Poetry Ireland Review
Latest issue sees a range of contemporary poets writing about their favourite Seamus Heaney poems
The current editor of Poetry Ireland Review, Gallery poet Vona Groarke, says of their current special edition dedicated to the late Seamus Heaney that she wanted to mark the passing of the singular and loved poet by moving attention back to his poems.
Inviting a wide range of contemporary poets from Britain, Ireland and the United States to choose a favourite poem and respond to it in a short essay, Groarke hoped for ‘a careful and insightful probe into how each poem worked’ – a process like opening up the back of an 18th century clock to examine its mechanism.
The typical response was that nothing would give the poet more pleasure than sitting with a Heaney poem trying to work out its magic. The result is a gloriously democratic literary lucky bag, and in the enlightenment spirit Groarke imagined, some hypotheses seem proven in their repetition through the essays, others are singular and fresh.
Poetry Ireland Review is published quarterly by Poetry Ireland, and this issue was officially launched north of the border in the Lyric Theatre in Belfast on November 25. Coincidentally, the Belfast-based Irish Pages contemporary writing periodical also have a new edition out now dedicated to Heaney.
The poets featured in this publication had free choice of poem and yet there is little doubling up. The poems are reproduced alongside the essay commentaries. Many of the poets reflect on the moment of first encountering Heaney. For many, Heaney’s voice is the voice we hear when reading the poems, having had that voice with us for so long.
American poet Christian Wiman, having ‘known the poems not simply by heart but by bone and nerve’, found it almost impossible to meet Heaney late in his life. He selects ‘Sunlight’ as a particular favourite but says, ’there are truths the very authencitiy of which depends upon their [the poems] not being uttered', and reveals that, on the occasion of that late meeting, he flinched if Heaney got his own cadences ‘wrong’.
Cumbrian poet, Jacob Polley’s essay, ‘Home’, is one of the most arresting and moving – itself a prose poem of his Heaney epiphany. Polley describes a teenage life made fragmentary by a mother’s illness, a home life ‘precarious and dangerous’, a life lived in overlapping circles, like a Venn diagram.
And suddenly, in Seeing Things – a book bought on a whim in a Carlisle bookshop in response to a ‘trippy magic-eye pattern’ that the Faber & Faber logo reminded him of – he reads ‘Wheels Within Wheels’ and in the description there, of turning the wheels of an upside-down bike, he sees, not a description of his life but the life itself embodied.
‘And as I experience this physical event carried into language,' Polley writes, 'I realise that this is the first time words have reconciled me to the world, the first time language and all my lives have been aligned, and I feel at home.’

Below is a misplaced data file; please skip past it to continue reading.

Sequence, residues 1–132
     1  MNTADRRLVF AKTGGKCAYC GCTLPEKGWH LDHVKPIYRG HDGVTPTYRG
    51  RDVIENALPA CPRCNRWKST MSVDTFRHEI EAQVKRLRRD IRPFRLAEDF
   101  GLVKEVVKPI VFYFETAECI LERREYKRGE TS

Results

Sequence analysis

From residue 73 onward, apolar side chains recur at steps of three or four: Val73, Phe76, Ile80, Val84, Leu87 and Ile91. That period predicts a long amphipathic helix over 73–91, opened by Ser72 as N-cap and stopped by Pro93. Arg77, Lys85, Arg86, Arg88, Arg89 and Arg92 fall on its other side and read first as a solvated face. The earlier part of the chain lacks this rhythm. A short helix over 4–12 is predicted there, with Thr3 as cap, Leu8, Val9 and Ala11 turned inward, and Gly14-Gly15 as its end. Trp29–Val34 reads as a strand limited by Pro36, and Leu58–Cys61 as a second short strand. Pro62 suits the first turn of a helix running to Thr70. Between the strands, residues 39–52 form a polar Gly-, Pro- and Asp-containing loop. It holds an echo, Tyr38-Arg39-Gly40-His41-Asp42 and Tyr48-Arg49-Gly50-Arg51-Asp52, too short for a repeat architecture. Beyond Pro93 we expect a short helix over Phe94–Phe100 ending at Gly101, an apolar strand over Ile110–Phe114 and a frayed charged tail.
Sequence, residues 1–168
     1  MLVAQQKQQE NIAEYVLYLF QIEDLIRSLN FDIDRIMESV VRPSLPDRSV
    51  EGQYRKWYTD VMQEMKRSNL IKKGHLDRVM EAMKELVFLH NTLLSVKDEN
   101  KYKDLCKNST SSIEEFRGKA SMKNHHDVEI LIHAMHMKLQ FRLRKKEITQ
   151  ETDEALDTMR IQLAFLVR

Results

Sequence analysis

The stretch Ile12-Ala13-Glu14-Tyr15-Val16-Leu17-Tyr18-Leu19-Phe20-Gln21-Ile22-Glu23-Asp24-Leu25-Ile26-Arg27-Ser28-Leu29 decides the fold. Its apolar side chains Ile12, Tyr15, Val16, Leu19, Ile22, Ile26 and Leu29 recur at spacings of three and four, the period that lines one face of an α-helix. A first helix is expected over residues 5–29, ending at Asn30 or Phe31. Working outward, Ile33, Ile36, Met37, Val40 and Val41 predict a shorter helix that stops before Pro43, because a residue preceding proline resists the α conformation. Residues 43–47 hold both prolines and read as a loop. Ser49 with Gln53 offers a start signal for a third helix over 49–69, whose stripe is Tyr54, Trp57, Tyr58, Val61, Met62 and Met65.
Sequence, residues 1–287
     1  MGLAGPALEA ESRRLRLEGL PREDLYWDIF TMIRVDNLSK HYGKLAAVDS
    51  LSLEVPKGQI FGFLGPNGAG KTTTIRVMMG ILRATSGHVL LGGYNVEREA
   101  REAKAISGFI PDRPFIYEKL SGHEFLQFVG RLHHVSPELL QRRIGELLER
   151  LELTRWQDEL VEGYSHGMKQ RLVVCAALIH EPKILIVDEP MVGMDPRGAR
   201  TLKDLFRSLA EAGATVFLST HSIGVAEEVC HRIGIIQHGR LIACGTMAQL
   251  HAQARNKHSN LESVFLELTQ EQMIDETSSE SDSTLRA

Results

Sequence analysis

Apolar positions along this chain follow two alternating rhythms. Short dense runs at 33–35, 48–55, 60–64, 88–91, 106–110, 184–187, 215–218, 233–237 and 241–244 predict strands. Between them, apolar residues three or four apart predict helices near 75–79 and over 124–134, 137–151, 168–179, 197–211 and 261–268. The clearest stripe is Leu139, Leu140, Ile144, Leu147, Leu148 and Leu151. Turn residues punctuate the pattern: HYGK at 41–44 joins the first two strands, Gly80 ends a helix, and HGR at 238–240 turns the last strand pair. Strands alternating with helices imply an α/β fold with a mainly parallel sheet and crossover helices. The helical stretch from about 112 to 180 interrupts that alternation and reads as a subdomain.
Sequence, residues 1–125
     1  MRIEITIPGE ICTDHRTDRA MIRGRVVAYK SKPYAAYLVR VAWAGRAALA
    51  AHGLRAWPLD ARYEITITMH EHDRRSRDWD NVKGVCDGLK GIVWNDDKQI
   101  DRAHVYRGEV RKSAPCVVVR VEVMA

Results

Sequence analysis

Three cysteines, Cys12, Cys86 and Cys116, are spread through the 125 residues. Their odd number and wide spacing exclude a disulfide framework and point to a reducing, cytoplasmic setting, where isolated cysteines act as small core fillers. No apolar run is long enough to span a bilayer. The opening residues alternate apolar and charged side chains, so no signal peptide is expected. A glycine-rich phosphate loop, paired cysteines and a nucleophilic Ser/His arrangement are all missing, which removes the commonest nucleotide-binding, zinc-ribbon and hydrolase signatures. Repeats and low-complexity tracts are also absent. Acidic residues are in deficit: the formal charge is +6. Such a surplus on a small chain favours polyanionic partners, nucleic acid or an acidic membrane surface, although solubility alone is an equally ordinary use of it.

One of the questions raised in the essays is how Heaney’s poetry avoids sentimentality. Don Paterson’s essay accompanying ‘The Harvest Bow’ is a brilliant exploration of an experience that Heaney readers will recognise, of how the poems may begin in memory but work by a kind of deepening, individual words allowing or suggesting other etymologies that open up more and more layers of meaning.
‘When a word is salient in Heaney’s verse... it’s often an indication that the poet means us not only to read the word in its current and local senses, but to inspect the strange shape and length of the shadow it casts.’
Cookstown-born poet Nick Laird, meanwhile, gives a similar sense of the poems becoming more than they first seem: 'Even what appear to be his most simplistic pieces open like doors into rooms full of windows.'
The essays are personal and varied. There is often wit and humour in the readings. Jamie McKendrick wonders if ‘Oysters’ is Heaney’s hymn to cunnilingus? The American poet, Anthony Madrid, marvels, on noting words he will have to look up like ‘scut’ and ’stooked’ in Heaney’s translation of Beowulf, ‘who ever heard of a modern translation being more obscure than its Iron Age original?’
And there is even a nod to the naysayers, so silent since the death. Leontia Flynn is refreshingly honest in confessing to having been one. Justin Quinn repeats what is becoming a literary cliché, of being part of the select few who love Derek Mahon while the rest of us stand like rock fans in the amphitheatre to hear Heaney – missing the fact that many of us discovered both men in small back rooms long before there were any crowds to hear.
Quinn's comment that Heaney is ‘never likely to be a poet of global reach’ jars in a book that is otherwise marked by a warmth and generosity congruent with the man himself. This edition of Poetry Ireland Review is a celebratory issue that does Heaney's poems the honour of serious and personal attention.
The current edition of Poetry Ireland Review is available now from the Poetry Ireland website.